AT A GLANCE

  • Services procurement tends to be messy because they don’t fit into our templates, and it’s difficult and complicated to detail specifications and requirements for a person as opposed to a product
  • Services represent a large portion of the sepdn that procurement is often tasked with bringing under management; it is a huge opportunity and the risk of not placing services spend under a structured procurement process is too high
  • There are some basic differfences between product and services procurement, including quantity, contracts, delivery, and quality

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December 04, 2017

Making the Leap

Many procurement professionals, when asked, say that they would rather source almost any product than touch a services category. Why is that? Well, services tend to be messy – they don’t fit into our templates, and it’s difficult and complicated to detail specifications and requirements for a person as opposed to a product. However, services represent a large portion of the spend that procurement is often tasked with bringing under management. It’s a huge opportunity and the risk of not placing services spend under a structured procurement process is too high.

The basic differences between product and services procurement

Most procurement professionals will ask one fundamental questions before sourcing any category of spend – how much do we need? For products, this is expressed as a count, weight or a volume, and the connection between the projected output and the number of items required is usually pretty clear. However, for services, it’s a bit more difficult. The number of resources or hours required are hard to connect to the desired outcome. Making the jump from outcome to headcount (including specific skills and qualifications) requires a deep understanding of the service and the value it offers the business.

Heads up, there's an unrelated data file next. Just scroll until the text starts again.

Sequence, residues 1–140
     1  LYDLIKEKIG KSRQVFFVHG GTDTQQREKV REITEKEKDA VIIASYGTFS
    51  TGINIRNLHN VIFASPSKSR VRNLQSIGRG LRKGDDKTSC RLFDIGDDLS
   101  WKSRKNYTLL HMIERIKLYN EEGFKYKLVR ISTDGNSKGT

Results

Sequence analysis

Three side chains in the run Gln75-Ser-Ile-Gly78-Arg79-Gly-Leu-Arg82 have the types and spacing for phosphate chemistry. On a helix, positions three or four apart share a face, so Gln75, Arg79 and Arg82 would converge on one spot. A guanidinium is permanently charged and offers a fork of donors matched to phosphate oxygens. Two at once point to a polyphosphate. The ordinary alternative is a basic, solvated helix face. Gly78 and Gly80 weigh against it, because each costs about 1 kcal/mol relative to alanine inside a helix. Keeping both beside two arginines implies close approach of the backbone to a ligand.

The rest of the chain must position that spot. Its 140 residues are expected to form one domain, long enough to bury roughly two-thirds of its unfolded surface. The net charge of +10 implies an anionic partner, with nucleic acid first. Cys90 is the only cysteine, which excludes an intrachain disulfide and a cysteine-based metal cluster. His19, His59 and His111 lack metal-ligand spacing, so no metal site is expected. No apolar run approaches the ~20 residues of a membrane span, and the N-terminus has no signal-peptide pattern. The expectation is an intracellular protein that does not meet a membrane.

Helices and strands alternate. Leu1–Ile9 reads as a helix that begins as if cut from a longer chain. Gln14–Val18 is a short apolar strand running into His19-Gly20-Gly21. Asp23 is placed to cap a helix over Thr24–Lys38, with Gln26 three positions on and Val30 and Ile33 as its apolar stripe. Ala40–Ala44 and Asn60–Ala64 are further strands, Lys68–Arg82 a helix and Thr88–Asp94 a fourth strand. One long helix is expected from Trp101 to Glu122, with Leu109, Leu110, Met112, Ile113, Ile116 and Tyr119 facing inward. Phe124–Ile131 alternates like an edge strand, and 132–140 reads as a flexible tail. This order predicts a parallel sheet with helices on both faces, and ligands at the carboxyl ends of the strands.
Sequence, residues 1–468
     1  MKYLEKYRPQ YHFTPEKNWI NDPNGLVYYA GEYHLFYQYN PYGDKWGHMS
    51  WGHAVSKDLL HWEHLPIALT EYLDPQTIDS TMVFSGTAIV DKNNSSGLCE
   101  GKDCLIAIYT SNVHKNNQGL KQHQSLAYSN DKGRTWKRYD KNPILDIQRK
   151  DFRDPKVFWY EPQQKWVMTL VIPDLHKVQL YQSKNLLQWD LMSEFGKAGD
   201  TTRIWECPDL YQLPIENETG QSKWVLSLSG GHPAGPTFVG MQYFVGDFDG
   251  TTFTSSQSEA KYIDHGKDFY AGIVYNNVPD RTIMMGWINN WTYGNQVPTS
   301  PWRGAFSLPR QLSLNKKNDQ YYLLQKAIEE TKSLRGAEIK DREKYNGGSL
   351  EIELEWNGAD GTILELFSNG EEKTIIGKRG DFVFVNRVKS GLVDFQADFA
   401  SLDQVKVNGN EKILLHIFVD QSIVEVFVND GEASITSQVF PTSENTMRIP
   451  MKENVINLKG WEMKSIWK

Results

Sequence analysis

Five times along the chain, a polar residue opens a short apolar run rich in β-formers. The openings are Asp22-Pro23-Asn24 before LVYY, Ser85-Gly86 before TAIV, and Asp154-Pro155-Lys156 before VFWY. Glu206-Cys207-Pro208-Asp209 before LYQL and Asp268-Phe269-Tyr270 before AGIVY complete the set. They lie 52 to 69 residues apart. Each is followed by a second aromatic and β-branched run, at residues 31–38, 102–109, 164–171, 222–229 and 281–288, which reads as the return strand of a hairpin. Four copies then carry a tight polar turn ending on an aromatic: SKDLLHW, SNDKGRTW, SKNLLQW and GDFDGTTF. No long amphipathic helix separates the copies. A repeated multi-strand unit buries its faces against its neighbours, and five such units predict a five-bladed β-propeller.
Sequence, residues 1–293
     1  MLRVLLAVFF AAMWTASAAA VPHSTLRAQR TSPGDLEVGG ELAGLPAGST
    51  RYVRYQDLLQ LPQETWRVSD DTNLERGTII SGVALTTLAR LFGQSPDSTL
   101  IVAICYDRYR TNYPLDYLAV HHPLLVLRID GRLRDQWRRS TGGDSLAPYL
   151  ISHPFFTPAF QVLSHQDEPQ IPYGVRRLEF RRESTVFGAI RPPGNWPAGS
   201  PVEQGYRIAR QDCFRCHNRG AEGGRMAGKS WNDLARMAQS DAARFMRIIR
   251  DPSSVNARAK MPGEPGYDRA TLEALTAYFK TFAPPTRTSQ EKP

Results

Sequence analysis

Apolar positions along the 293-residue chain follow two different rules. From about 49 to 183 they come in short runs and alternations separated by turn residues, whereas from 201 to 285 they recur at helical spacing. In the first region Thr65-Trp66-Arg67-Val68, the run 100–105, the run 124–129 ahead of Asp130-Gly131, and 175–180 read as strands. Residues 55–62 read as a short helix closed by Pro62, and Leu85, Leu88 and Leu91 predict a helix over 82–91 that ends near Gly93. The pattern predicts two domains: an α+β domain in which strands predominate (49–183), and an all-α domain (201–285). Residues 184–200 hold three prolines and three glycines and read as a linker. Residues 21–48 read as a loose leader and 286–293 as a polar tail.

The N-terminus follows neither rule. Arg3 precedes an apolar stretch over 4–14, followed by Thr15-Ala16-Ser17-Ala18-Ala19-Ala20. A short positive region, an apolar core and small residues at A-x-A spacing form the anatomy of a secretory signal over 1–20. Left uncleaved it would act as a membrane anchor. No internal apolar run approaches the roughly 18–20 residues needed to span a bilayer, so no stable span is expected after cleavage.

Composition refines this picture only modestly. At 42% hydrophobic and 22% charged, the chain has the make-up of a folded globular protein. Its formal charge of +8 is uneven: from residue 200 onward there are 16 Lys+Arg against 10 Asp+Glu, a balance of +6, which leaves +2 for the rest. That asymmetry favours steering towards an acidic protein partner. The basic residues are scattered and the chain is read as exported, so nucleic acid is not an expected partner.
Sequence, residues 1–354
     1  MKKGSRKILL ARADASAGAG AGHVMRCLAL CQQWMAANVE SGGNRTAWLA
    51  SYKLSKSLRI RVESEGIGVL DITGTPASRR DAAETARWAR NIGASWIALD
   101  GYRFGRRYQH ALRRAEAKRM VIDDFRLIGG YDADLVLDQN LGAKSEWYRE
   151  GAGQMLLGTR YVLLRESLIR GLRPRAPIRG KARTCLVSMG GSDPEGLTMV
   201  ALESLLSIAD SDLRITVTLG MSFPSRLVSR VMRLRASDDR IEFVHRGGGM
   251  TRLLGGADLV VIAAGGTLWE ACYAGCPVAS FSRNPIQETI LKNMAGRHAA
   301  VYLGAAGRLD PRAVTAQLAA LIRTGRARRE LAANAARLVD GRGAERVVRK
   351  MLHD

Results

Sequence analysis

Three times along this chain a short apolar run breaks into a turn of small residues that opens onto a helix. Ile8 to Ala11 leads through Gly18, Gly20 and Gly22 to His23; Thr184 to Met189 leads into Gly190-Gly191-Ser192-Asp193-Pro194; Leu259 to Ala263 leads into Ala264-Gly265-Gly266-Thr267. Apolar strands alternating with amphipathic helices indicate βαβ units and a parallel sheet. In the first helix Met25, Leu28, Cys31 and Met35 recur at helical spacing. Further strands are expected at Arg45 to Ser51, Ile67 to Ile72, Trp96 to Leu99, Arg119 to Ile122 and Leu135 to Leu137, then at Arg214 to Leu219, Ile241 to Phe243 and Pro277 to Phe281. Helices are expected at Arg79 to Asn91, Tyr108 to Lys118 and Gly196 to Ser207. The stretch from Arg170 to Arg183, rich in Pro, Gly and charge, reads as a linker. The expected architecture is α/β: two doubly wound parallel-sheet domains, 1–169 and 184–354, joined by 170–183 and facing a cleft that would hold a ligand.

Skills and qualifications are also difficult to determine in services procurement. Products can be precisely measured and thus, described, as they have a specific weight, color, material and composition. Meanwhile, documenting the specifications and requirements for services is similar to writing a job description, but the person delivering the service does not interview, meet the team, have the opportunity to observe and learn, but must still perform the tasks and deliver the outcomes required.

All procurement contracts contain similar elements, such as costs, delivery terms, payment, SLAs, and dispute resolution guidance. However, for services procurement, the structure is different from product categories. Sometimes a Master Services Agreement (MSA) serves as a basis for several Statements of Work (SOWs). This is often because the services are defined broadly at first, followed by multiple detailed project-like agreement that define outcomes, work expectations and timelines.

Delivery for services procurement is also complex. When a product is purchased, either procurement or someone else can literally handle it, and there’s no question that it has been delivered. For services delivery, meanwhile, the form is different; maybe appropriate hourly coverage or clear proof of an objective-driven outcome. Additionally, procurement needs to maintain visibility into who performed the service to ensure the right person did the work, and this has to tie back directly to a contract, ensuring that terms and obligations are being met.

Quality is often as clearly visible for services as it is for products – it’s easy to know when a job is not done right. However, handling missed quality expectations can be complicated. While conversations about product quality issues tend to center on precision, machine operation, etc., conversations about services often feel more personal and closer to a HR issue.

 

 

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